FOR your eyes only. Is there anything more to learn or say about Ian Fleming that has not been well-told already?

That’s the question posed in Nicholas Shakespeare’s introduction to this excellent, albeit lengthy, account of the life of James Bond’s creator. Turns out there’s lots but let’s concentrate on the Scottish angle …

001: Identity

FLEMING saw himself as Presbyterian and Scots; he was known to put “Scottish” down as his nationality. His father even called him “Jocky”. Ian’s people were from Dundee. His paternal grandfather was one of the world’s richest bankers whose first home was a two-roomed cottage in Lochee.

The National: Revealing the truth about the Scots author behind Bond, the world’s most famous secret agent

Grandpa Fleming was proud of his Dundee accent. Reading On Her Majesty’s Secret Service, we note 007 sends M a telegram turning down an honour where Bond identifies himself as “A SCOTTISH PEASANT AND WILL ALWAYS FEEL AT HOME BEING A SCOTTISH PEASANT”. We might add another J to Dundee’s famous trio of jam, jute, and journalism: James Bond.

002: Geography

WE learn the Fleming family estate is a “110,000-acre slab of land on Loch Tulla in north-east Argyllshire called Black Mount”. Here be grouse shooting and deer stalking. There are mentions too of stays in Arnisdale, Inverness-shire; the Glenelg Inn; Glenborrodale on the Ardnamurchan peninsula. The family would go “north in August and September like migrating birds”.

003: Personality

AGED five, in Ouchy, Lausanne on Lake Geneva, Ian had a hissy fit over the attention paid to his talented elder brother, Peter. He had to be “carried screaming and kicking from the Beau Rivage Hotel”. Ian’s background was privileged, “overprivileged, even” but was he, as the clichéd accusation against the Scots insists, mean?

Shakespeare says the Flemings caught the tube to Heathrow which sounds very sensible given the fees London taxi drivers charge. Ian’s niece, Gilly, is defensive: “We’re not mean … we’re just dreadfully, dreadfully careful – very, very ‘ribby’. We turn off lights.”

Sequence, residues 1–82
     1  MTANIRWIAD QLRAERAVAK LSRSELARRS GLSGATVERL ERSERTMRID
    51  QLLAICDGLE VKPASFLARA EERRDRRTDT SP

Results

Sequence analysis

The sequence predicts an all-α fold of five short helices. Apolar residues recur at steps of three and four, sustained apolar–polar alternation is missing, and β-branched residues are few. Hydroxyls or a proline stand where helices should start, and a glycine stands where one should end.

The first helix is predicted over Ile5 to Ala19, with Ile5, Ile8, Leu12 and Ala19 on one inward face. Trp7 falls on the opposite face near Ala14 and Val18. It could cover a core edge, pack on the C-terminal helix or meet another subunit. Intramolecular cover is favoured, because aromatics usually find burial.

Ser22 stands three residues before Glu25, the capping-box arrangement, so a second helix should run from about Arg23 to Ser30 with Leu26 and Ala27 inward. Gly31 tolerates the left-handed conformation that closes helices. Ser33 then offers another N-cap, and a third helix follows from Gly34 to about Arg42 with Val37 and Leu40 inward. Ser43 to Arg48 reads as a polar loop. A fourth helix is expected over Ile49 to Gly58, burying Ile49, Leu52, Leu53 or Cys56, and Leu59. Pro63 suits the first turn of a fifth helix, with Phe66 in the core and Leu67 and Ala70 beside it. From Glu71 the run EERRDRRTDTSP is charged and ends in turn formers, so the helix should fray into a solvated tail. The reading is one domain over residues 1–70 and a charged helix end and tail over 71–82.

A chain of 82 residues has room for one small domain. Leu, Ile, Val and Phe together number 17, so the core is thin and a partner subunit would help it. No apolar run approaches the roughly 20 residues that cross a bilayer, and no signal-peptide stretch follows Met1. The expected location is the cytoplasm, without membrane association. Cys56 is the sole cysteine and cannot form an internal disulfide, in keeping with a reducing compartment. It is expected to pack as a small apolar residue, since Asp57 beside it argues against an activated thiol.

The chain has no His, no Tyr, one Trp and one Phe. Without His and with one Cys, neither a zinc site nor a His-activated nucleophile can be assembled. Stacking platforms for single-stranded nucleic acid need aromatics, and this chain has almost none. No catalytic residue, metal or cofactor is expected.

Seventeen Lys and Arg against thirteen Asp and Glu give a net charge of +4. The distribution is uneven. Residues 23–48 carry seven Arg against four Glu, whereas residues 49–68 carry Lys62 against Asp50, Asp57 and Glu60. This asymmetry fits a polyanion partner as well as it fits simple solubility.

004: Politics

AT Eton, Ian treats people badly, he’s rude and a rotter, he dreams of being Prime Minister. Shakespeare quotes Phyllis Bottome on the school’s “strange faults and absurdities; its isolationism; its defensive arrogance; its inconsiderate insolence, and its deep unconscious selfishness”.

All this is a timely reminder of Boris Johnson’s background during his Covid inquiry interrogation. Ever privileged, Fleming loses £13,000 in today’s money betting on the outcome of the 1945 election. That other Etonian, Winston Churchill, like Johnson, was chucked out.

005: Caledonian Antisyzygy

THE old Jekyll and Hyde thing. Ian the adult – who could look in some lights like Reinhard Heydrich’s cheeky kid brother – had duelling polarities. In his twenties, he’s something of a user, a misogynistic sex pest with his “endless cuckolding”. As the Canadian comedian Norm Macdonald might say, “the guy was a jerk”. But the Second World War made a man of him. Ian sets up his own commando group – 30AU – a gang of scalphunters that includes a burglar who was “the only man to escape twice from Peterhead Prison”.

Ian saw 30AU as “Border raiders going to steal English cattle from Scottish bases”. Their targets were intelligence caches, scientists and scientific secrets. In time, Ian chairs the Joint Intelligence Committee and may even have given the Yanks a blueprint for setting up the CIA. We might see him as a true inglourious basterd, the type that wins wars.

006: Diasporic

LIKE many Scots, Ian got around. We meet him in Moscow where the “unpainted and weather-stained houses” reminded him of the Gorbals. He’s in Madrid and Lisbon keeping Spain out of the war. There are trips to Switzerland, Delhi, Norway, New York … and Goldeneye in Jamaica of course. And there are golf trips everywhere.

007: Golf

HE learned to play with his formidable granny. Ian was a member of Royal St George’s in Sandwich; he dreamed of being Captain. He played with a handicap of nine – the same as Bond and Goldfinger.

The National: ICON: Sean Connery as James Bond

008: Sean Connery

THE pair first met at the Savoy and Ian thought Sean looked like someone “who could kill”.

Connery himself thought Fleming “A real snob”.

Ian Fleming’s life reads like a pacy William Boyd novel. Nicholas Shakespeare has made a grand and thrilling job of its telling. But was Fleming the complete man? Not on your (little) Nellie.